Germany takes sixth place among the wineproducing nations of the world. Much of the production is intended for export, while Germany itself imports huge volumes of wine. This demonstrates the complexity of the German position. It seems as though the best German wines – but unfortunately also some of the worst - disappear into export markets while the Germans themselves tend to prefer beer or imported wines.
Compared with a country like France, the consumption of wine in Germany is quite low. Changes are also apparent though in Germany. Although the German government has always maintained that the German system of wine control was watertight and the best in Europe, in reality things were sometimes not right with the cheaper German wines.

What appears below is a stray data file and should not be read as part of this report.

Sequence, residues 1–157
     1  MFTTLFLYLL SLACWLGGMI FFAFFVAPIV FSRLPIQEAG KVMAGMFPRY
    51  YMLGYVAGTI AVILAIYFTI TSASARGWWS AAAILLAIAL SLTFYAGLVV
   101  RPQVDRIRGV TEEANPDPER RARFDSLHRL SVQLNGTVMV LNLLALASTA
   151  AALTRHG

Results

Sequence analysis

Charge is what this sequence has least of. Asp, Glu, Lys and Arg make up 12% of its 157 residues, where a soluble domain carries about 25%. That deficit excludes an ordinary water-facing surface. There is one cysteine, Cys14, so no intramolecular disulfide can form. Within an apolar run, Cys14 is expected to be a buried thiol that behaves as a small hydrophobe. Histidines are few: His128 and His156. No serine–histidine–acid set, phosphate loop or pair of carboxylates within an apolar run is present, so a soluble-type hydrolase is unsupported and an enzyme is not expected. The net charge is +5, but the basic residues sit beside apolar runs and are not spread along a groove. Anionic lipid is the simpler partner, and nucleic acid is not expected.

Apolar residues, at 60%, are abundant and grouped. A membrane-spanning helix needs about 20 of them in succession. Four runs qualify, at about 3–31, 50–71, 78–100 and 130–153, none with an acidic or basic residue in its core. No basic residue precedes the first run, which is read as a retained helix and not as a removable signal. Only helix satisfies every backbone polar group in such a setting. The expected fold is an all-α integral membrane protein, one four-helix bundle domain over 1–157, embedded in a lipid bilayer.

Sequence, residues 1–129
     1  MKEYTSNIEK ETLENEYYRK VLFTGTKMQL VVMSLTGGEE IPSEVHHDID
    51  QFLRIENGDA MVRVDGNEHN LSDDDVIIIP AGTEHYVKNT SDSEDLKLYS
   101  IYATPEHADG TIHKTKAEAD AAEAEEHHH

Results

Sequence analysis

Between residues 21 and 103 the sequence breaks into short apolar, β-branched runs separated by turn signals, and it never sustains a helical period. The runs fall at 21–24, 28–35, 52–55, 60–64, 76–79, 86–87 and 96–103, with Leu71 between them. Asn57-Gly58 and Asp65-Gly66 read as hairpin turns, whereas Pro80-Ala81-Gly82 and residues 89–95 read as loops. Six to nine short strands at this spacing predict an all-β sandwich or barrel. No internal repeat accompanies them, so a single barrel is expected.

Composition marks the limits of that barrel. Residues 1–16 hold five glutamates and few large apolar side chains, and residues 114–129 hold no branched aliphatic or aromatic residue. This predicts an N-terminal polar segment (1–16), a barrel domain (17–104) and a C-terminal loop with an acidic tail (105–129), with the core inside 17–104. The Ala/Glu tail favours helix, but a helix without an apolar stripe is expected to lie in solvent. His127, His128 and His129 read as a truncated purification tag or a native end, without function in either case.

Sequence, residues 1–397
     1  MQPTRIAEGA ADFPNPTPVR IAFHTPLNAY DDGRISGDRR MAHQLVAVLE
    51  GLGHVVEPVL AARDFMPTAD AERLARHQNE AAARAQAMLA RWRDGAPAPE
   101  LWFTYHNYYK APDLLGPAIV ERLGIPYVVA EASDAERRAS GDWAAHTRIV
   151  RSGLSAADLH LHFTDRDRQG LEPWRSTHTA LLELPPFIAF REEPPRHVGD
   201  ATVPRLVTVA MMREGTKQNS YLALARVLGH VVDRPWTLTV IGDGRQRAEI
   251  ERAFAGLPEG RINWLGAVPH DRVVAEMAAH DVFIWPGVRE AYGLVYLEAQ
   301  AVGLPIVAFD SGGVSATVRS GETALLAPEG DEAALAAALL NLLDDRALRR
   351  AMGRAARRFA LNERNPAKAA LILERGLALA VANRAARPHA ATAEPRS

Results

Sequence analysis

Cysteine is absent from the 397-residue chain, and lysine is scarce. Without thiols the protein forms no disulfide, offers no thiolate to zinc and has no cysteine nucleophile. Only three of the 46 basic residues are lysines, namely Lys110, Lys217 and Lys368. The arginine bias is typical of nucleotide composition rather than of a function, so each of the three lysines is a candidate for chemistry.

Some wine traders were clearly more interested in quick profits than being ambassadors for the German wine industry. Creations with names such as 'Alte Wein Tradition' and 'Kellergeister' have done much to damage the reputation of German wines. On the other hand with the absurd prices of Bordeaux wines, in particular those of Sauternes, increasing numbers of people have been looking for cheaper alternatives. These can be found in Germany at prices that are quite attractive.
The demand for good quality but affordable German wine has increased in the past decade or so. The demand for dry German wines has also grown explosively. Most of the growers were quickly able to adapt themselves to the market situation. Growers constantly seek to find ways to guarantee the wine's quality while keeping the prices acceptable for everyone.